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World's Smallest FM Radio Transmitter Created With Graphene

samzenpus posted about 5 months ago | from the smallest-morning-zoo dept.

Communications 60

minty3 writes "The team used graphene's mechanical 'stretchability' in order to create a voltage controlled oscillator (VCO) – an electronic component that can generate an FM signal. The VCO was used to send and receive audio signals of 100 megahertz. The team used pure tones and more complex music signals to tune the VCO's output and found that both kinds of signals could be 'faithfully reproduced' by an ordinary radio receiver."

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60 comments

*world's smallest VCO (1)

Joining Yet Again (2992179) | about 5 months ago | (#45479905)

Is the size of the VCO a big deal in manufacturing of any radio transmitter?

Re:*world's smallest VCO (2, Insightful)

drinkypoo (153816) | about 5 months ago | (#45479945)

Is the size of the VCO a big deal in manufacturing of any radio transmitter?

Only for people interested in listening in on other people without their knowledge. I can't imagine anyone wanting to do that, though. Besides, you'd need a barely visible microphone [phys.org] to make it useful.

Re:*world's smallest VCO (4, Interesting)

Thanshin (1188877) | about 5 months ago | (#45479959)

The world will change once someone builds a quad-copter with microphone and radio transmitter, all fitting in a 0.1mm cube.

Politicians will have to never, ever, ever, say what they think.

Re:*world's smallest VCO (-1)

Anonymous Coward | about 5 months ago | (#45479995)

My Steps for fixing The Computer:
1) Figuratively condense the parts like you would see in Campbell's Chicken Noodle Soup.
2) Arrange the parts from least to greatest so as to not let them return to Ethersville.
3) Remotely bootstrap the latest and greatest bonds between all the parts.
4) Assemble the parts back into their past chords.

The Computer is now Fixed.

Re:*world's smallest VCO (0)

Anonymous Coward | about 5 months ago | (#45480027)

There are some pretty obvious positive applications of this as well though, as someone who records neural signals from awake behaving animals I'd give an arm and a leg (not mine, of course) to get a wireless transmitter small.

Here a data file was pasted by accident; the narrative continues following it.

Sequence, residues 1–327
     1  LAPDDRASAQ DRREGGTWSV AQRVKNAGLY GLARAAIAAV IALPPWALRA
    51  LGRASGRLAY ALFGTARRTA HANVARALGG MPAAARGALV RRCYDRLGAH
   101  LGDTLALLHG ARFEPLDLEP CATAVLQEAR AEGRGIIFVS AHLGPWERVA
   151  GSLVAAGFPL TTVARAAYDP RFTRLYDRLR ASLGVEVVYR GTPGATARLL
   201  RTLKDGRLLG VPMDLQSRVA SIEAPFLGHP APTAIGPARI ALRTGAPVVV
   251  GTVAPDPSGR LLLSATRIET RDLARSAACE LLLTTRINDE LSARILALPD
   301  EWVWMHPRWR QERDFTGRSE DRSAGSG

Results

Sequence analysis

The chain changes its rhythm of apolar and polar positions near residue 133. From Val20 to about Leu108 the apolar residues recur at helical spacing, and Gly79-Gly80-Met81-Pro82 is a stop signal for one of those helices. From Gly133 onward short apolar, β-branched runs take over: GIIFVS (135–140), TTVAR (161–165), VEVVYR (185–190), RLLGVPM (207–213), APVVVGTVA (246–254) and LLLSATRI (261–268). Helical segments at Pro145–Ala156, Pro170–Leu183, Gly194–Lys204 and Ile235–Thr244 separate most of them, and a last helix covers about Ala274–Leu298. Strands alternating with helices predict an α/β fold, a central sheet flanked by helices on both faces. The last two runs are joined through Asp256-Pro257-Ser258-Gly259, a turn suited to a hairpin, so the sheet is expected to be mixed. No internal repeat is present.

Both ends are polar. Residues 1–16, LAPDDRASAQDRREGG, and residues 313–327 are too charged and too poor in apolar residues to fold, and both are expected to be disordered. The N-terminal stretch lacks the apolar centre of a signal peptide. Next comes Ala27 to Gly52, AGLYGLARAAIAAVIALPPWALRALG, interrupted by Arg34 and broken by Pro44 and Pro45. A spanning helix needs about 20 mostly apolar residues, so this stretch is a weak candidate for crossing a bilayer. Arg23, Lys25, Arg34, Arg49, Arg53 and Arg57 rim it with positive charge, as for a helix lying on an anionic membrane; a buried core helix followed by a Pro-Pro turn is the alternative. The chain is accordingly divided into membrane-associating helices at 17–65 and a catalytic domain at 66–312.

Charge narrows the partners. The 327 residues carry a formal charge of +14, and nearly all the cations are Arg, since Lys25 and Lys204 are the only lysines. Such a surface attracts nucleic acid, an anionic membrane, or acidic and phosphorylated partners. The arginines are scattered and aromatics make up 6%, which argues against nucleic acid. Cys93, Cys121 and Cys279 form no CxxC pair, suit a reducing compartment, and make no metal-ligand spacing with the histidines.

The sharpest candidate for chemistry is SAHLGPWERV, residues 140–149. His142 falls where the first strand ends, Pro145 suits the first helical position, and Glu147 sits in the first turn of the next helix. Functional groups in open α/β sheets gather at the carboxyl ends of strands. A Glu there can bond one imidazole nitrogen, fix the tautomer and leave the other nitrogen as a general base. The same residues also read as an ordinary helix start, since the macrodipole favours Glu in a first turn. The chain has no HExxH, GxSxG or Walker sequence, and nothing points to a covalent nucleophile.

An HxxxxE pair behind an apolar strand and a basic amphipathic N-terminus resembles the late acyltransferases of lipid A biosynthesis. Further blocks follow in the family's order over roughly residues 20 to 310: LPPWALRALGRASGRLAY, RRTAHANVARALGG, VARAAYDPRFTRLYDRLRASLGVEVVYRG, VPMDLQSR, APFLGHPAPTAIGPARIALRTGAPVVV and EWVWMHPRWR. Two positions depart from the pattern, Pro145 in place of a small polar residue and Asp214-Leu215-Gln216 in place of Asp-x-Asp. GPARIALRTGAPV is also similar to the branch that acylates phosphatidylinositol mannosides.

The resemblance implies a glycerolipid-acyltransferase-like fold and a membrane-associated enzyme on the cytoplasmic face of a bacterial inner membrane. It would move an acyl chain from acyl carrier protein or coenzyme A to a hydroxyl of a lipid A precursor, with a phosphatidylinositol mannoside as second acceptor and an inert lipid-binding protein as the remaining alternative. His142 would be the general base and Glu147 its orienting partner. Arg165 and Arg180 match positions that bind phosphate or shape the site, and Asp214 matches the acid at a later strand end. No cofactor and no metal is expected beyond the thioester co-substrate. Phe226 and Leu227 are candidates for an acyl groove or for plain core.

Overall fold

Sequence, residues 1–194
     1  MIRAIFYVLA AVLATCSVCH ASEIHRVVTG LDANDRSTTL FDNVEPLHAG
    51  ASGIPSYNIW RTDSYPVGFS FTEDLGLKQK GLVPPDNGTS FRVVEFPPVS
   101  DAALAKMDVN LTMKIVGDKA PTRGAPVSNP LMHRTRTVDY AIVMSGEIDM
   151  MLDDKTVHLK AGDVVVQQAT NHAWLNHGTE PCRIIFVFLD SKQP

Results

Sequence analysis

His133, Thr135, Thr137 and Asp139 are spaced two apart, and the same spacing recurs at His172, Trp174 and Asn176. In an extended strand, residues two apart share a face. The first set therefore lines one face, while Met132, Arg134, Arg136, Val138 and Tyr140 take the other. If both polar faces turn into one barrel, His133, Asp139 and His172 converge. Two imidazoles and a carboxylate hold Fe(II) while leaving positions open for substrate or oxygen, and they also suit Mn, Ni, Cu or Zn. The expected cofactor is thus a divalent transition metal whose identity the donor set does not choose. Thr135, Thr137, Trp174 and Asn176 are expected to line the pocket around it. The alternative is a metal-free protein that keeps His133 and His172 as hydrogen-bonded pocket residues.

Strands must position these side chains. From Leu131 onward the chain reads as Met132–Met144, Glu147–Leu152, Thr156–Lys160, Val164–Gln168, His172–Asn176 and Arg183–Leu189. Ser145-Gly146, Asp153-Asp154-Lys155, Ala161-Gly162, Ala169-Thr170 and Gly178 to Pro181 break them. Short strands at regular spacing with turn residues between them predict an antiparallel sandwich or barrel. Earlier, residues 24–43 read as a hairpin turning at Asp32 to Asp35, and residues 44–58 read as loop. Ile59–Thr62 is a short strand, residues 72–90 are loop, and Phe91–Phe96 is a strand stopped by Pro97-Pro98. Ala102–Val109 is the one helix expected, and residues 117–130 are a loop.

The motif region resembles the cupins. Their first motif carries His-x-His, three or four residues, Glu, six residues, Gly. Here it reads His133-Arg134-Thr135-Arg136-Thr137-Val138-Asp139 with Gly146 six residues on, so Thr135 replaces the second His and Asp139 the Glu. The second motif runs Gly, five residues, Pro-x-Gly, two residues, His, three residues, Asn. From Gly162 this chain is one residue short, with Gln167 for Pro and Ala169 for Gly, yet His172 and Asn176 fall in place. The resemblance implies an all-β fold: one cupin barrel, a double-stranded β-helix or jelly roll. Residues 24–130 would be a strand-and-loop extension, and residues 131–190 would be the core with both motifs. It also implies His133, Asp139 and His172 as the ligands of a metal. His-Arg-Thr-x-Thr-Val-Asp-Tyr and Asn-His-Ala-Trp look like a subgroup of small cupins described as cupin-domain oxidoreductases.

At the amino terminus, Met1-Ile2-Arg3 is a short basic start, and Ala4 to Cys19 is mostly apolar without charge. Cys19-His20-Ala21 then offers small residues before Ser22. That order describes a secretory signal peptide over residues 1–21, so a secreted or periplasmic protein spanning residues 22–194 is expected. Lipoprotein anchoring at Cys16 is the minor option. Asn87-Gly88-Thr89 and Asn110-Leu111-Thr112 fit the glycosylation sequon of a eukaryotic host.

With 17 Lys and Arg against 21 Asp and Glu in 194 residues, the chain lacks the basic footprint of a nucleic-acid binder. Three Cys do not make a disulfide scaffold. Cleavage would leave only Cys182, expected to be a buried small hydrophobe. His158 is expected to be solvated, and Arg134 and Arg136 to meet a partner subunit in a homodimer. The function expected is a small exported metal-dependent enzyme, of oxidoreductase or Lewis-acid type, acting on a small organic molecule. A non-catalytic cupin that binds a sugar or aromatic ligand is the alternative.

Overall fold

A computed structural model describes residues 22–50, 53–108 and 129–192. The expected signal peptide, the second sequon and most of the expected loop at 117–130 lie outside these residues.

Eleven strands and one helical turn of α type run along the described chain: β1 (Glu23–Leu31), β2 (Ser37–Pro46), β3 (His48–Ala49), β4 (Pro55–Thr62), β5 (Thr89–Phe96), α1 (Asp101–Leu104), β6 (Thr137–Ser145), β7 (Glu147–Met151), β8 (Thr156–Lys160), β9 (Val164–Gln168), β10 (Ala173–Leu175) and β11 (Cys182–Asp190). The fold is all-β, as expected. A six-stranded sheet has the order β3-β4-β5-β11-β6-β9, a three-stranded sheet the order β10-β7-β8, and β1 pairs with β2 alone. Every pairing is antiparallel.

Re:*world's smallest VCO (1)

SuricouRaven (1897204) | about 5 months ago | (#45480049)

Because the fly on the wall is still too noticeable. We need the flea on the wall.

Re:*world's smallest VCO (1)

rot26 (240034) | about 5 months ago | (#45493459)

Big fleas have little fleas on their backs, which bite 'em. And so on and so on, ad infinitum.

Re:*world's smallest VCO (1)

Joce640k (829181) | about 5 months ago | (#45480411)

Politicians will have to never, ever, ever, say what they think.

Other possibility: Stop hiring politicians who think things like that.

PS: How about a link to an article that actually tells us the dimensions of the "smallest transmitter" and some of the the science behind it, not some news aggregator whose other headlines are things like, "3 Signs Your Relationship is in Trouble".

Re:*world's smallest VCO (0)

Anonymous Coward | about 5 months ago | (#45482851)

To be fair, I think it might be impossible for somebody not to say something in the course of a year that offends more than 50% of the electorate.

Re:*world's smallest VCO (1)

lapm (750202) | about 5 months ago | (#45481173)

How do you know they haven't done that all ready? What we see in civilian side is always few years back from Military/Super secret spy stuff. You dont think army spends all that money just for guns and ammunition do you?

Re:*world's smallest VCO (1)

Joining Yet Again (2992179) | about 5 months ago | (#45479975)

I'm happy to be viciously corrected by anyone who's done the sums, so... could a low power radio transmitter be powered by the very sound waves which are being picked up? Tiny microphone, tiny VCO+amp, tiny transducer -> everlasting bug.

Re:*world's smallest VCO (1)

Thanshin (1188877) | about 5 months ago | (#45480019)

It essentially depends on weak a sound you want to hear.

It may be better to make it solar powered.

Re:*world's smallest VCO (3, Insightful)

wbr1 (2538558) | about 5 months ago | (#45480105)

You don't even need this when most people willingly carry a remotely accessible microphone and transmitter in their pocket.

Re:*world's smallest VCO (2)

CanHasDIY (1672858) | about 5 months ago | (#45481331)

You don't even need this when most people willingly carry a remotely accessible microphone and transmitter in their pocket.